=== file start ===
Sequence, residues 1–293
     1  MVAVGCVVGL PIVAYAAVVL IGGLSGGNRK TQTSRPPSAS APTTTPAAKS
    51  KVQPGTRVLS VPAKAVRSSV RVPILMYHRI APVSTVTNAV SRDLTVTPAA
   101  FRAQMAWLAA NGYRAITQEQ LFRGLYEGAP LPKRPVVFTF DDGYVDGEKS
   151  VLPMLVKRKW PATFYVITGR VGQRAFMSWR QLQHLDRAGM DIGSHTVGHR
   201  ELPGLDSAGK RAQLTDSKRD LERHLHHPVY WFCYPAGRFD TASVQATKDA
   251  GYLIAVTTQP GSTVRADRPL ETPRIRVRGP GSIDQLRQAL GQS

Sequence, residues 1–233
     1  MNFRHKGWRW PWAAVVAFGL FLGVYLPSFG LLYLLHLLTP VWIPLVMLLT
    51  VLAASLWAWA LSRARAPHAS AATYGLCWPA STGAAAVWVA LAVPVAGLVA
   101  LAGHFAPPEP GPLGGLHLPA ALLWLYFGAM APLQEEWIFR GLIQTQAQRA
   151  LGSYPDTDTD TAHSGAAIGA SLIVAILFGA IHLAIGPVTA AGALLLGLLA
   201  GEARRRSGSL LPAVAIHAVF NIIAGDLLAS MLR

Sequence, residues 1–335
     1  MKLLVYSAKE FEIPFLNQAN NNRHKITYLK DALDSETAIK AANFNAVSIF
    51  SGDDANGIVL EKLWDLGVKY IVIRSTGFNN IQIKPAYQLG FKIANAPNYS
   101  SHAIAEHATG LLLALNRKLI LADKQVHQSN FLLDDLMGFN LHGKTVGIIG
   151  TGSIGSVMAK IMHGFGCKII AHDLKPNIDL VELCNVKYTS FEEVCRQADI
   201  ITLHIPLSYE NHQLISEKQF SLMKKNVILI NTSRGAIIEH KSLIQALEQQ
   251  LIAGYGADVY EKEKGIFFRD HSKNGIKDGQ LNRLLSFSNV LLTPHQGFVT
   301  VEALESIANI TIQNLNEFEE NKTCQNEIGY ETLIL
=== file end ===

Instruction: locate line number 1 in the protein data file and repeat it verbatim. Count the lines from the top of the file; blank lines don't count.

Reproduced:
Sequence, residues 1–293